Transport - IMACLIM
|Model Documentation - IMACLIM|
|Institution||Centre international de recherche sur l'environnement et le développement (CIRED), France, http://www.centre-cired.fr., Societe de Mathematiques Appliquees et de Sciences Humaines (SMASH), France, http://www.smash.fr.|
|Solution concept||General equilibrium (closed economy)|
|Solution method||SimulationImaclim-R is implemented in Scilab, and uses the fonction fsolve from a shared C++ library to solve the static equilibrium system of non-linear equations.|
|Anticipation||Recursive dynamics: each year the equilibrium is solved (system of non-linear equations), in between two years parameters to the equilibrium evolve according to specified functions.|
Modeling the dynamics of the transportation sector
In static equilibrium, the transport of passengers and merchandise are characterized by the following parameters:
- The number and charachteristics of households personal vehicles,
- The efficiency of the fleet of personal vehicles,
- The physical capacities of the different modes of transport,
- The coefficients of intermediary energy use in the transport sectors,
- The coefficients of intermediary consumption of transport in all sectors.
In the recursive dynamic structure of Imaclim-R the "transport" dynamic module represents the evolutions of these parameters.
Waisman et al. (2013)1 give a detailed description of the representation of the transportation sector in Imaclim-R, and analyze the sector's role in the development of low-carbon pathways. The section below gives a description of the representation of the dynamics of the sector in Imaclim-R.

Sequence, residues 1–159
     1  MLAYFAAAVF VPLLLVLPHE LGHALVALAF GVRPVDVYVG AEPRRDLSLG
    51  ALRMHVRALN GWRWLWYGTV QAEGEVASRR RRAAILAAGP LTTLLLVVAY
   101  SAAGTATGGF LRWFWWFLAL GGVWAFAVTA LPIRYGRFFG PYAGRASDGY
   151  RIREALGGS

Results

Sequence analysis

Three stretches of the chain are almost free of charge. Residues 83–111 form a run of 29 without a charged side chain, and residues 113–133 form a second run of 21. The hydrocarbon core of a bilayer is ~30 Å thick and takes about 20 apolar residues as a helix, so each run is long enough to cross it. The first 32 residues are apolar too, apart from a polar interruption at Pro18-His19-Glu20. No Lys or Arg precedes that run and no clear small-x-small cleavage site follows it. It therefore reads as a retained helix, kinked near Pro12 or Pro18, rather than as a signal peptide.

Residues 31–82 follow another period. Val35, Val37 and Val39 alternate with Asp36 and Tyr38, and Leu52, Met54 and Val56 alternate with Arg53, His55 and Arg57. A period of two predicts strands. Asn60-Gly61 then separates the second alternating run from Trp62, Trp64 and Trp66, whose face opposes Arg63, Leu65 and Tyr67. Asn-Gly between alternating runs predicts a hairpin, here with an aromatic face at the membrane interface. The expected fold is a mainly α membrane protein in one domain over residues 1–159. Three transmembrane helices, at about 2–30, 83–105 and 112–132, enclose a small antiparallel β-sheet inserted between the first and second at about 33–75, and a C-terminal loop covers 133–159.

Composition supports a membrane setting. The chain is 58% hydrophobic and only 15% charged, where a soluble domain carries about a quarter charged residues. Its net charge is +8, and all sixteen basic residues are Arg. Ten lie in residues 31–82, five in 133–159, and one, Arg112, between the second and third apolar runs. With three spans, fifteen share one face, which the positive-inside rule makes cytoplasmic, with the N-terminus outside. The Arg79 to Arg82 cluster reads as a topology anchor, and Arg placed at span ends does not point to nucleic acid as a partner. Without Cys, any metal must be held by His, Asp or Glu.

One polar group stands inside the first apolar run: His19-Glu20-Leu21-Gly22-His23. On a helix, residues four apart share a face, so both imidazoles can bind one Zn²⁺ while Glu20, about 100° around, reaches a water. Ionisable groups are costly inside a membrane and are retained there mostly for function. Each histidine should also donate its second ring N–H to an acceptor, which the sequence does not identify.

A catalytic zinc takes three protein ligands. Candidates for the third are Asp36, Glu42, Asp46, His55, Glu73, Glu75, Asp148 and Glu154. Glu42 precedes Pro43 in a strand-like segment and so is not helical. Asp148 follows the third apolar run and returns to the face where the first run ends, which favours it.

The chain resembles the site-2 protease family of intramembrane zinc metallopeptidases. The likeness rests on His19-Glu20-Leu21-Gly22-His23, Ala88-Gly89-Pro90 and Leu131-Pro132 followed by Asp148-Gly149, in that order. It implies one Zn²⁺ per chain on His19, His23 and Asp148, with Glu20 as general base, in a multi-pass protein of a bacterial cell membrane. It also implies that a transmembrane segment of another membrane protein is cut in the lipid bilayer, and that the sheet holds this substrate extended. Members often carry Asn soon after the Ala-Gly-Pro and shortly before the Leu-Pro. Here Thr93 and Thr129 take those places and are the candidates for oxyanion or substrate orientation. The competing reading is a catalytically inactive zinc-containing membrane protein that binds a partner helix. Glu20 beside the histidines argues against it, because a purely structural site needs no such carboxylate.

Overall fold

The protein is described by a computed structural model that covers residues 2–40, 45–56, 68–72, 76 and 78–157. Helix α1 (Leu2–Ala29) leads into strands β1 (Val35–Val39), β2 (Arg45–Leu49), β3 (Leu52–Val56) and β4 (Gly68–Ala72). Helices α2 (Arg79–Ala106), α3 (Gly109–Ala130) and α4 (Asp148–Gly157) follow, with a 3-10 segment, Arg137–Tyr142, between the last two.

Personal vehicles: stock and energy intensity
The evolution in the rate of motorization in each region has been found to be strongly linked to the evolution of average income per inhabitant and to the distribution of income in the population. It is however only slightly sensitive to variations in fuel prices (Storchmann, 2005)2. The representation of these links in IMACLIM-R are based upon the SMP model, a sectorial model of energy use in the transport sector developed in a collaboration between the International Energy Agency and the World Energy Council (Fulton and Eads, 2004)3. The key feature of the SMP model is that it uses an income elasticity that varies depending on the rate of motorization. In practice this means an elasticity that varies with income. Regional variation resulting from historical and geographical factors, mean that the correlation between an absolute level of wealth and the possession of a vehicle is not transposable from one region to another. The saturation effect on the possession of personal vehicles thus appears at a level of average income that depends on the region.